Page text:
In many parts of the world having car insurance is a legal requirement. There are different levels of cover available, and it is important that you choose the right cover to suit your particular circumstances. All car insurance is designed to offer some sort of financial protection in the event of an accident, or in some cases, if your vehicle is stolen or is damaged by fire. Car insurance will also pay out for injuries sustained to other drivers, their passengers, pedestrians, and their property.
In recent years the cost of insuring your vehicle has fallen. Insurance providers have agreed to pass on saving from reforms in the civil litigation system in 2013. This litigation offers insurers more protection against fraudulent whiplash claims, and lawyers’ excessive costs, for example, allowing insurers to become more competitive with their premiums.
Car insurance is an essential purchase in the United Kingdom as stipulated by the Road Traffic Act 1988, although there are some exceptions. If your car is currently off the road, and you do not drive it, you can declare this via a Statutory Off Road Notification (SORN) which is authorized by the Driver and Vehicle Licensing Agency (DVLA). As long as your fill in the required paperwork and continue to keep your car off the road you will not be required to insure it.
If you are found driving your vehicle without the appropriate insurance you will most probably receive a hefty fine, and you could even be disqualified from driving. In the UK there is no top limit to the maximum fine you can receive, and you will receive either six, or eight penalty points on your license. The police also have the authority to seize and destroy your vehicle if you are driving it without insurance; so the consequences of driving without insurance can be severe.
In the UK there are three main types of car insurance available. These are: third party, third party, fire and theft, and fully comprehensive.
Third party insurance is the most basic type of car insurance on offer. It covers injuries sustained by other people, and damage to their property, but does not cover damage to your own vehicle. This type of insurance is the bare minimum required by law, although, surprisingly, it is not always the cheapest.
Third party, fire and theft insurance is similar to basic third party insurance, but it also pays out for the cost of repairs, or a replacement, if your car is stolen or damaged by fire.
Fully comprehensive insurance is the highest level of cover that you can buy. It offers protection against damage to your own car in addition to accidents involving other people. Some insurers also offer courtesy cars and cover for legal expenses, although you may be asked to pay an additional fee for these services. In addition, a fully comprehensive insurance policy also gives you the option of adding other drivers to your policy, but you must ensure that the main driver is the one who drives it most often.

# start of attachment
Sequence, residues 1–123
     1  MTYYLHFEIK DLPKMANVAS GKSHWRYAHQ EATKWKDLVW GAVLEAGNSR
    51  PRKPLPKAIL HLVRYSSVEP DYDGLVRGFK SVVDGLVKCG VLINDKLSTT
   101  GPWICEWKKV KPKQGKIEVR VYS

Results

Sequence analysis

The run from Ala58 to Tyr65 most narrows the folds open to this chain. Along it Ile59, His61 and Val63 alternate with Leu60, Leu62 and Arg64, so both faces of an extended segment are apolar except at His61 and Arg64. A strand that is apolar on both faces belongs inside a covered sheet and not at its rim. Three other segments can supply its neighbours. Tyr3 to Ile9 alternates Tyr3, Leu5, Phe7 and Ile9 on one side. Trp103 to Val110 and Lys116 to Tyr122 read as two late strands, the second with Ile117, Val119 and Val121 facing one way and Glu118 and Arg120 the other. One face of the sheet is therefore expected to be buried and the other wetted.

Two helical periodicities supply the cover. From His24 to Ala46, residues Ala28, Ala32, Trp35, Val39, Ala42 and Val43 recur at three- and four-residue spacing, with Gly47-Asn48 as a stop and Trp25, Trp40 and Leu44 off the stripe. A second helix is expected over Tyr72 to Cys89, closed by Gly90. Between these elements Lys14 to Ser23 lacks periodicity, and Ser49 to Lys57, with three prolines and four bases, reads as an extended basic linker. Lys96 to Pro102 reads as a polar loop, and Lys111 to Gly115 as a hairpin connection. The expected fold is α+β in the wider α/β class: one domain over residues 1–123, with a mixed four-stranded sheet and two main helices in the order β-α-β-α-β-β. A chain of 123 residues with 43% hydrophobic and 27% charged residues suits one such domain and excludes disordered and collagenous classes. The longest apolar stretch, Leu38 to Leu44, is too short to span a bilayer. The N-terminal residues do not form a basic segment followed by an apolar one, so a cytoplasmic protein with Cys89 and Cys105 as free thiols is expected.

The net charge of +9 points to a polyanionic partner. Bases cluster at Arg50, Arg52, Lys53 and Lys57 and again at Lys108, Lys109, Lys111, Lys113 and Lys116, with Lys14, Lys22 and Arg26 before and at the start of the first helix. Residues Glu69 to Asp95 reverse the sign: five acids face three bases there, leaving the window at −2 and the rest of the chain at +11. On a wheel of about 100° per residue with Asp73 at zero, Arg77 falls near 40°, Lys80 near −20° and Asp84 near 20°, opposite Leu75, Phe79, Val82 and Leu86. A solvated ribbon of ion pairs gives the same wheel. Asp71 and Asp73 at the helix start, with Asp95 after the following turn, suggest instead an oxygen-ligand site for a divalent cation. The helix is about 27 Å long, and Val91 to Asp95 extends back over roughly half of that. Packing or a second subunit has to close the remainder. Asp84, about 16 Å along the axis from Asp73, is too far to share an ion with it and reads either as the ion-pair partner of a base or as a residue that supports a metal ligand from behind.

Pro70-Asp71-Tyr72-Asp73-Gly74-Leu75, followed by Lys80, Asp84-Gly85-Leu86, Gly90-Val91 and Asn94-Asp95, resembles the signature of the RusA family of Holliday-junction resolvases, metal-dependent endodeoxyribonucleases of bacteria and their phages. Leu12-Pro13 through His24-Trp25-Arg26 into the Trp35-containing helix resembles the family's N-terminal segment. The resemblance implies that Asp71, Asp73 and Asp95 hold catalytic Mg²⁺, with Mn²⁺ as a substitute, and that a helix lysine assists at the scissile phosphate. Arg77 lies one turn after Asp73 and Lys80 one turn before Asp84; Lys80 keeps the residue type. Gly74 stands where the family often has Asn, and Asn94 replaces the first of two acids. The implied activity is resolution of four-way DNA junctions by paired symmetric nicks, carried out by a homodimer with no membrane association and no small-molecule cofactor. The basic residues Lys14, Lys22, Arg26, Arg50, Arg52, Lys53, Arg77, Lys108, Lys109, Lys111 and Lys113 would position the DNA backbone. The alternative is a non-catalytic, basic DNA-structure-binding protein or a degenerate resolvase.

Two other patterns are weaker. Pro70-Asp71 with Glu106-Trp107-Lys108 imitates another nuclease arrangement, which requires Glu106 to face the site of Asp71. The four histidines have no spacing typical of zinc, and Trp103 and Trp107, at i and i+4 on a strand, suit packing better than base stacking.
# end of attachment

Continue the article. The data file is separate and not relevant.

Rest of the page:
The cost of car insurance varies considerably between providers, and depends upon a number of different factors namely: your age, your home address, the type of car you drive, your occupation, where you keep your car when not in use, what you use it for, and whether you have any prior motoring convictions.
If cost is a serious concern you can reduce the size of your premiums by offering to pay a higher excess. The excess is the amount that you would have to pay yourself towards any claim that you might make. Be careful though when setting the amount of your excess that you do not set it higher than you can comfortably afford. Young people, in particular, may be tempted to set the excess high to keep their costs down as their premiums are usually higher than those offered to more experienced drivers; this is because statistics show that they pose a higher risk to the insurer.
For every year that passes during which you do not make a claim on your car insurance policy you will receive a no claims bonus. This bonus leads to a discount when your policy is up for renewal, although this may not always result in lower premiums as this price can be affected by other factors such as a change in circumstances, or a change in the market. This no claims bonus will also remain valid if you make a claim for an accident that was not your fault.
If you own and regularly drive a vehicle then car insurance is a must. Not only do you run the risk of being significantly out of pocket if you have an accident, or if your car is lost or stolen, you also run the risk of receiving a hefty fine, and even of being disqualified from driving altogether if you do not have a policy in place. If you are at all unsure about the type of policy you should take out then it pays to talk to an experienced insurance broker. They often have access to the most competitive deals, and can find you a policy that best fits your requirements.